The new cards are inspired by Quebec driver’s licence, RAMQ says, complete with a black-and-white I.D. photo and lighter background colours.

The card, nicknamed the “carte-soleil,” will retain its distinctive sun, although you will have to look harder to spot it.

Starting on Jan. 24, the new cards will be distributed gradually through renewals, replacements of lost, stolen or damaged cards, or the issuance of a first card.

The RAMQ card features images that only appear under ultraviolet light. (RAMQ)

Quebecers with cards bearing the old design needn’t worry — the current cards will be valid until they expire.

Some new security features on the RAMQ card include:

  • Ink that changes colour depending on angle and light.
  • Tactile engravings.
  • Images visible only under ultraviolet light.

Last July, RAMQ announced it would be using the services of Quebec’s public automobile insurance agency, the SAAQ, to produce its cards by 2018.

This way, cards will be delivered more quickly: optimizing service by avoiding duplication of equipment and sharing expertise are among the rationale.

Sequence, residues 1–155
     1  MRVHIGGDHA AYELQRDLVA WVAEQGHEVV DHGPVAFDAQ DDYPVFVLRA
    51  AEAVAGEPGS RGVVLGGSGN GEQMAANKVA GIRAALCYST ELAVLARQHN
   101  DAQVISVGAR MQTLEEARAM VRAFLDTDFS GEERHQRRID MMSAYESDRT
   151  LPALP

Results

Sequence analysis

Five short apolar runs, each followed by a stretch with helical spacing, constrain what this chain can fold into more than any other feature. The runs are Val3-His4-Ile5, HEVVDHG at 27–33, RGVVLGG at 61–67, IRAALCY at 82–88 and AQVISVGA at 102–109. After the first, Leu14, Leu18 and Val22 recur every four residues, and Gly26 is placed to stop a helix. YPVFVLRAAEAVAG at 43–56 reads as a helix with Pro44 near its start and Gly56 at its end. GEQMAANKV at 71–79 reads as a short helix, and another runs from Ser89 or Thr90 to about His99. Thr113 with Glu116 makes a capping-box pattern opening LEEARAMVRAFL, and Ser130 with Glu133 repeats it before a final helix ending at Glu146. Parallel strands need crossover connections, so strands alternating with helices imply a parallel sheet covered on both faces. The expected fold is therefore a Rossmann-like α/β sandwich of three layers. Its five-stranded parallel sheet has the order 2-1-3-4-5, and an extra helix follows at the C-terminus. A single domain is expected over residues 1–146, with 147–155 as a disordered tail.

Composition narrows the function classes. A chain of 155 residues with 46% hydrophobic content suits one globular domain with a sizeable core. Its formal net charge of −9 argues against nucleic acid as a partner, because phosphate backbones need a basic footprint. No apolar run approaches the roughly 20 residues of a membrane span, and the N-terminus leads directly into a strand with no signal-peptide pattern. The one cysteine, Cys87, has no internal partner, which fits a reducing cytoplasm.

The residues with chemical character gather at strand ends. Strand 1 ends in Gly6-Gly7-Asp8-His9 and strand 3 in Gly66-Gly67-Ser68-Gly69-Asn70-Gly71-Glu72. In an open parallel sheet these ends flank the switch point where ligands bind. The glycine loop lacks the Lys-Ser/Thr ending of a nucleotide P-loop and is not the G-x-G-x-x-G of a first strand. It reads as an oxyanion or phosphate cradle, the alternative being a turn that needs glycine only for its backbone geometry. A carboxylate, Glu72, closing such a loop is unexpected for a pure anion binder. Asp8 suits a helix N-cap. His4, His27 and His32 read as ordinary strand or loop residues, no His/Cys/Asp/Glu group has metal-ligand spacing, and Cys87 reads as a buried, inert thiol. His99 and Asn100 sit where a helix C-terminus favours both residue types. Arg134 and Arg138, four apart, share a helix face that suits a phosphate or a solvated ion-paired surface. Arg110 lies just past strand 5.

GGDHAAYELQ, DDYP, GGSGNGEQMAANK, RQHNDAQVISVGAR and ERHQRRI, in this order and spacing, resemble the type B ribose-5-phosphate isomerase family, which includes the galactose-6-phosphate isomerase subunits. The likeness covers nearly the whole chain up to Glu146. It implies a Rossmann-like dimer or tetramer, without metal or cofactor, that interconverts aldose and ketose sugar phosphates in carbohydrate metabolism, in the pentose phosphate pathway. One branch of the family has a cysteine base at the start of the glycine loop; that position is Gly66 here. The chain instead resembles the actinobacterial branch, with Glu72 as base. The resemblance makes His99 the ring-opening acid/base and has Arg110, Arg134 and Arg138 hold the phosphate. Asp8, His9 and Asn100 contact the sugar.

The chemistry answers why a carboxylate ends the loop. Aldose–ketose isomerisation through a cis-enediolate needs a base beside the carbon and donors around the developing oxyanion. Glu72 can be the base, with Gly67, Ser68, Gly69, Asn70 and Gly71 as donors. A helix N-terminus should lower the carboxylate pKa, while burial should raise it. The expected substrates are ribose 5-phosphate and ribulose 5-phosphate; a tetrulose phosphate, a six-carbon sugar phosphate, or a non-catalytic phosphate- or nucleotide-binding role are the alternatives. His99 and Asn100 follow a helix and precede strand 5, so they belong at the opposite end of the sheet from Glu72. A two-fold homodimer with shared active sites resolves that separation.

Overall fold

Originally, RAMQ was producing 2.3 million cards every year, but the demand for cards is expected to drop in half by 2018 as medicare cards will become valid for eight years instead of four.

New online resources now available to address risks associated with distracted driving

 Press Release:

Canadian Coalition on Distracted Driving (CCDD) today launched a new web-based information hub at www.diad.tirf.ca/ehub. It was designed as a resource with tools to help governments and interested stakeholders develop effective strategies to reduce distracted driving. The hub contains the latest research, stats and data on distracted driving, laws and penalties in Canada, and a variety of educational tools and resources. This initiative is led by the Traffic Injury Research Foundation (TIRF), and its Drop It And Drive® program, in partnership with The Co-operators.

Despite increasing fines and penalties for distracted driving, nearly one in four fatal crashes in 2013 involved distraction. Concern continues to grow as an increasing number of jurisdictions across the country report that distraction is a leading factor in road fatalities. “All agencies are incredibly concerned about the safety of Canadians, their workforce, and their families and friends. Everyone has the same questions about the size of the problem, what is known, what data are available, and what strategies can reduce distracted driving,” said Robyn Robertson, TIRF president and CEO. “We designed the E-Hub so organizations can spend less time looking for answers and more time working on solutions.”